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Utility Charges Cripple Customers

By News Briefing Central Asia
Service charges for basic utilities look set to skyrocket as consumers bear the brunt of maintenance and renovation costs. NBCentralAsia experts suggest the state will have to intervene with subsidies to reduce the burden.

Prime Minister Karim Masimov said on March 31 that the government was not in control of housing and utility charges, and instructed his subordinates to help reconcile the interests of consumers and the monopоly companies providing these services.

Masimov has also called for a review of privatisation in the electricity and heating sectors to determine whether the companies involved are fulfilling their obligations to invest funds.

NBCentralAsia economic expert Petr Svoik, head of the Almaty public anti-monopoly commission – a non-government body – said these public services were still running on the old infrastructure left over from Soviet times.

The utilities companies’ current income from customers is just about enough to keep them ticking over. But massive investment is needed to repair and expand communal services, and this will translate into unpopular price increases.

“Housing and communal services have run out of resources, and this is creating the kind of imbalance [between the interests of suppliers and consumers] that the prime minister was talking about,” said Svoik. “To increase their capacity and make the necessary repairs, service charges should double, triple or even go up tenfold. And that isn’t at all feasible, since consumers just don’t have the money,” Svoik said.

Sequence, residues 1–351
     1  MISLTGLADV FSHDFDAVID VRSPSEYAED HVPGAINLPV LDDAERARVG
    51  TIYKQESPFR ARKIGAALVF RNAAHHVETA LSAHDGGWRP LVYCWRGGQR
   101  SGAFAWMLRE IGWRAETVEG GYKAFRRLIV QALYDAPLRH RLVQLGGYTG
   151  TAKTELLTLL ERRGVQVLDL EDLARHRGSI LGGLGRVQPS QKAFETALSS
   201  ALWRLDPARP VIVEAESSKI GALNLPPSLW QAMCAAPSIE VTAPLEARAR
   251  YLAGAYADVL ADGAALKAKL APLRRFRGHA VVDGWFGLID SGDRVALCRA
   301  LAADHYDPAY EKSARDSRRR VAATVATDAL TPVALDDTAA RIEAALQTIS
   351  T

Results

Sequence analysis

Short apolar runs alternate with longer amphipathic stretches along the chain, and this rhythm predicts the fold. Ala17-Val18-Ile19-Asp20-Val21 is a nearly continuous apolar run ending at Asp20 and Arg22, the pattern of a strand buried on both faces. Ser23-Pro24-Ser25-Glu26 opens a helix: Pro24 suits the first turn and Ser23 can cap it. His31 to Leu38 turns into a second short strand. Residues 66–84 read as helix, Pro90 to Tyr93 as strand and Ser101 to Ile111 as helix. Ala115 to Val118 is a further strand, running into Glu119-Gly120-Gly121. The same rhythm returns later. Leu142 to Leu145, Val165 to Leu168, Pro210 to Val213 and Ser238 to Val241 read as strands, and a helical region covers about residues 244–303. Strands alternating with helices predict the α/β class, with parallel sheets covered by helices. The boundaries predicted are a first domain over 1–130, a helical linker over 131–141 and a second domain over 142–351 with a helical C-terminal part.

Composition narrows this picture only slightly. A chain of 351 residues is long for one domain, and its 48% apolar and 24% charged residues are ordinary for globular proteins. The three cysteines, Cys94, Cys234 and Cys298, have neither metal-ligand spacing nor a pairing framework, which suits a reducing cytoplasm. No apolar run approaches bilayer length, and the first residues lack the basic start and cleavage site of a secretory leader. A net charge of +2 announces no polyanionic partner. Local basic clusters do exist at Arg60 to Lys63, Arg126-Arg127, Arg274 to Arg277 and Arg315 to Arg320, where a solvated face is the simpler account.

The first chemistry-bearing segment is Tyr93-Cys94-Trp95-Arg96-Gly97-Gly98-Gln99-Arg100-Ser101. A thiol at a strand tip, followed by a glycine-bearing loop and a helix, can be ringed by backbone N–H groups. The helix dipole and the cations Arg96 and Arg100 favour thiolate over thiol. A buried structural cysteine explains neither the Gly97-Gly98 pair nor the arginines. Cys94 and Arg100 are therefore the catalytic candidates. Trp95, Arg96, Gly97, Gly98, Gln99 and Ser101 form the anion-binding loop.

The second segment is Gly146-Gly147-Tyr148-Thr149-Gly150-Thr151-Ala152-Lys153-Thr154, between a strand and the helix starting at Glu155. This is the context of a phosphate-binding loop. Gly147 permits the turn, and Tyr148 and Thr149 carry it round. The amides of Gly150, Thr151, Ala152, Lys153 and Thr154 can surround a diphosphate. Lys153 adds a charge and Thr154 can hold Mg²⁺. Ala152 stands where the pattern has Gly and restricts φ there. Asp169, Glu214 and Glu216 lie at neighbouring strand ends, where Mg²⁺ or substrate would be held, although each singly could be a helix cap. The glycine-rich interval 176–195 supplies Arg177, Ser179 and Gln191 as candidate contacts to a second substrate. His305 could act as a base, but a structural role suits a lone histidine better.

Analysts think a completely new system of charges should be designed, to stop consumers having to pay the cost of upgrading housing and communal services. The burden should be taken on by the state, either through direct financing or loans.

“This issue can and should be solved without increasing consumer charges… and outside the framework of the current tariff policy.” Said Svoik.

However, Talgat Akuov, president of the Independent Association of Entrepreneurs, argues that it is impossible to achieve anything “it’s not possible to solve this issue without increasing charges because housing and communal services operate on commercial principles.

“The money that [housing and communal service providers] now earn go on day-to-day maintenance and running costs. Without increasing their charges, they won’t be able to take out loans to reconstruct the networks,” Akuov explains. “This is the market relations system, business can’t operate any differently.”

At the same time, Akuov says a policy should be devised to increase state subsidies for the most vulnerable social groups.

(News Briefing Central Asia draws comment and analysis from a broad range of political observers across the region.)

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